Pentagon Admits Iraq Mistakes

Caption Deputy Defense Secretary Paul Wolfowitz discusses the Pentagon's contingency reserve fund for the war in Iraq during an appearance before the Senate Armed Services Committee on Capitol Hill Thursday, May 13, 2004.
The Defense Department underestimated its enemy in the Iraq war, failing to predict how resilient Saddam Hussein and his government would be, the Pentagon's No. 2 civilian said Tuesday.

In a rare admission of prewar miscalculations, Deputy Defense Secretary Paul Wolfowitz also said it's impossible to say how long a large American military force will have to stay in Iraq after political power is handed to Iraqis on June 30.

Wolfowitz spoke at a Senate Foreign Relations Committee hearing, the latest called by lawmakers worried about the Bush administration's handling of the war and reconstruction so far and about its plans for the future.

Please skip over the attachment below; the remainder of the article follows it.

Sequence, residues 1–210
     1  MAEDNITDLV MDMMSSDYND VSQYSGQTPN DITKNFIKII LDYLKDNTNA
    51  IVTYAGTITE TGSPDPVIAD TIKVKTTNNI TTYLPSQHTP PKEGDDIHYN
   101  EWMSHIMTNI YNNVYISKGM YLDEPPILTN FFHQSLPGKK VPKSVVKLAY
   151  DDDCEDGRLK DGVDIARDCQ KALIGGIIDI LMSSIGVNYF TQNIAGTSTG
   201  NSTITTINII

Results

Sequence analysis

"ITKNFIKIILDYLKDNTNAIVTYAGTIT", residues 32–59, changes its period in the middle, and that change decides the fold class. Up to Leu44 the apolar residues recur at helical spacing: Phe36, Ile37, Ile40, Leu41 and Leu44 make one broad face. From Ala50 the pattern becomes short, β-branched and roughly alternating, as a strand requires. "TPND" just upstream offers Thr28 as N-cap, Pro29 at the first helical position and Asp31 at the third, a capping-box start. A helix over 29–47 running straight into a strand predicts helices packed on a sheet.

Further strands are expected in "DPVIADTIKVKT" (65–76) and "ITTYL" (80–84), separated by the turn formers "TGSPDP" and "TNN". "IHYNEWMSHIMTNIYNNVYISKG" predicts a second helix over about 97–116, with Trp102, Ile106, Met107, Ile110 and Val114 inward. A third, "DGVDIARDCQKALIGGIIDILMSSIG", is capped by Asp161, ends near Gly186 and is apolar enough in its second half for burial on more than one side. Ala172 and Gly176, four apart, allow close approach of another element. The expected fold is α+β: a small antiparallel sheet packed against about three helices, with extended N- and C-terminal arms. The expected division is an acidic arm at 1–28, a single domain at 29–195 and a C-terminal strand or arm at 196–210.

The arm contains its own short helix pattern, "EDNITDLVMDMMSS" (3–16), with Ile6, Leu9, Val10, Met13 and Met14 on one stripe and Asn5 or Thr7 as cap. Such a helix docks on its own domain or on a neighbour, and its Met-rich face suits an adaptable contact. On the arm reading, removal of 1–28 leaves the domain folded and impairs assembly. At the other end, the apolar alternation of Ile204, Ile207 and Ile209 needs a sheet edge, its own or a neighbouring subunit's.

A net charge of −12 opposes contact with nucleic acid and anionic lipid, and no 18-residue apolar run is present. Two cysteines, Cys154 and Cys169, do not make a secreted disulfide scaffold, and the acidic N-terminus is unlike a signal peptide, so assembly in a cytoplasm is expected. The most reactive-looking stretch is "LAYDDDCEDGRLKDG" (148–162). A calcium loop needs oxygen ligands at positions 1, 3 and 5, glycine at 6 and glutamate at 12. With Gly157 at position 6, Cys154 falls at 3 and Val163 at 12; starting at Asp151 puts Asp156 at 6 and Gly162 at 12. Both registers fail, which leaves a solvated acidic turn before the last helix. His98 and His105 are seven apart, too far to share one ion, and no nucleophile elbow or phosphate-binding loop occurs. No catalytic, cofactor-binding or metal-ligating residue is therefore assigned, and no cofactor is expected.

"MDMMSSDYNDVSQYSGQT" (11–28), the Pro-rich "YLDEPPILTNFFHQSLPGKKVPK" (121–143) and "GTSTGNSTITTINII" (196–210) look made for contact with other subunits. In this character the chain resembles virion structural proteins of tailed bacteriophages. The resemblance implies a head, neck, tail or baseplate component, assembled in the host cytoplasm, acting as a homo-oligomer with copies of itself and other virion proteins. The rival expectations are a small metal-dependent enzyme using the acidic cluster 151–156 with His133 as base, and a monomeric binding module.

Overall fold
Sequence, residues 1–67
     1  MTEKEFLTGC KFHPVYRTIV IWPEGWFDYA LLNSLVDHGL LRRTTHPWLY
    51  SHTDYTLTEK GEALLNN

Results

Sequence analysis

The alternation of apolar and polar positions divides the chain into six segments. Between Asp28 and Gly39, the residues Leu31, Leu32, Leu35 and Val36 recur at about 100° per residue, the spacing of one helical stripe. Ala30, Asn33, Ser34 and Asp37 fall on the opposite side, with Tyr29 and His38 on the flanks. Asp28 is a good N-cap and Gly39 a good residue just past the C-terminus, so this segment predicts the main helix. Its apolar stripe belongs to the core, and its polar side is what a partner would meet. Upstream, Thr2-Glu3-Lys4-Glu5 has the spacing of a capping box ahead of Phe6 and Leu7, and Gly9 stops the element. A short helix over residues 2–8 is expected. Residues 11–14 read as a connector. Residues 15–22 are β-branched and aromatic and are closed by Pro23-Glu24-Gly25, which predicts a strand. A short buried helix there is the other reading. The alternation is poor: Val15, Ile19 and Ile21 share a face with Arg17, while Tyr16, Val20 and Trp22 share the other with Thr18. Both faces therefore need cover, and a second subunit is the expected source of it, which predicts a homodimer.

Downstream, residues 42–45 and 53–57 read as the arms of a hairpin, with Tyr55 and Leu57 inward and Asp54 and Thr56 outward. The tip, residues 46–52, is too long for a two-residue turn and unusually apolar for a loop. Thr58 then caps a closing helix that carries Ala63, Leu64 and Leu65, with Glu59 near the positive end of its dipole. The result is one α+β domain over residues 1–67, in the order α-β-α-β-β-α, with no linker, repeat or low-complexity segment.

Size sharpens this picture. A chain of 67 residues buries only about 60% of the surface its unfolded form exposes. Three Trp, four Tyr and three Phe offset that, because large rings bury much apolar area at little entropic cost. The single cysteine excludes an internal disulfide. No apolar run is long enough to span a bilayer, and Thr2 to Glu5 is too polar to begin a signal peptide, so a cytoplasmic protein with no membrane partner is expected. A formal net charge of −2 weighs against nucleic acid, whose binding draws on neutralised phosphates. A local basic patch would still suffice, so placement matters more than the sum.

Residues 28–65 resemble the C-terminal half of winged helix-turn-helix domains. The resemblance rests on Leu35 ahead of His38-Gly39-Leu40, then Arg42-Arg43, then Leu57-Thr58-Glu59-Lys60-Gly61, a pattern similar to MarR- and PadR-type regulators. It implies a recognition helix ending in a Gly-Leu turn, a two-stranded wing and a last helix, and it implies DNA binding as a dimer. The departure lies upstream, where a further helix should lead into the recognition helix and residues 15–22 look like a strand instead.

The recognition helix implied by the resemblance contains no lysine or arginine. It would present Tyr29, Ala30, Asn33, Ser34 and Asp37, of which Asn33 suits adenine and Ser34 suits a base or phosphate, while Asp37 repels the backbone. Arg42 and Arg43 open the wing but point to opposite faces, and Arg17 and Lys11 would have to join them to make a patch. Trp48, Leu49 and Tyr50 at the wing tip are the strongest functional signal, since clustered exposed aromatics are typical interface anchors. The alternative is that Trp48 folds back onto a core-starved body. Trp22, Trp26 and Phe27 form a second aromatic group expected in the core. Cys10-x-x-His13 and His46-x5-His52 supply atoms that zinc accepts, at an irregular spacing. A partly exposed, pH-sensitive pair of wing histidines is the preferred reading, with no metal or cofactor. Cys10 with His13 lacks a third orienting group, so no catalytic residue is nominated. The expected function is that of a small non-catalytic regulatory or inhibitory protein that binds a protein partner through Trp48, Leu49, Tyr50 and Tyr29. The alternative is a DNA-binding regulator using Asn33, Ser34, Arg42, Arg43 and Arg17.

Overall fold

Answering a question about miscalculations made to date in the year-old campaign, Wolfowitz said: "I would say of all the things that were underestimated, the one that almost no one that I know of predicted ... was to properly estimate the resilience of the regime that had abused this country for 35 years."

In other developments:

  • A memorial was held for Izzadine Saleem, head of the U.S.-appointed Iraqi Governing Council who was killed by a suicide bomber Monday. The killing was a major setback to American efforts to stabilize Iraq before the June 30 handover of sovereignty, but L. Paul Bremer, The U.S. governor of Iraq said Tuesday the transfer to Iraqis must go ahead as scheduled despite the killing.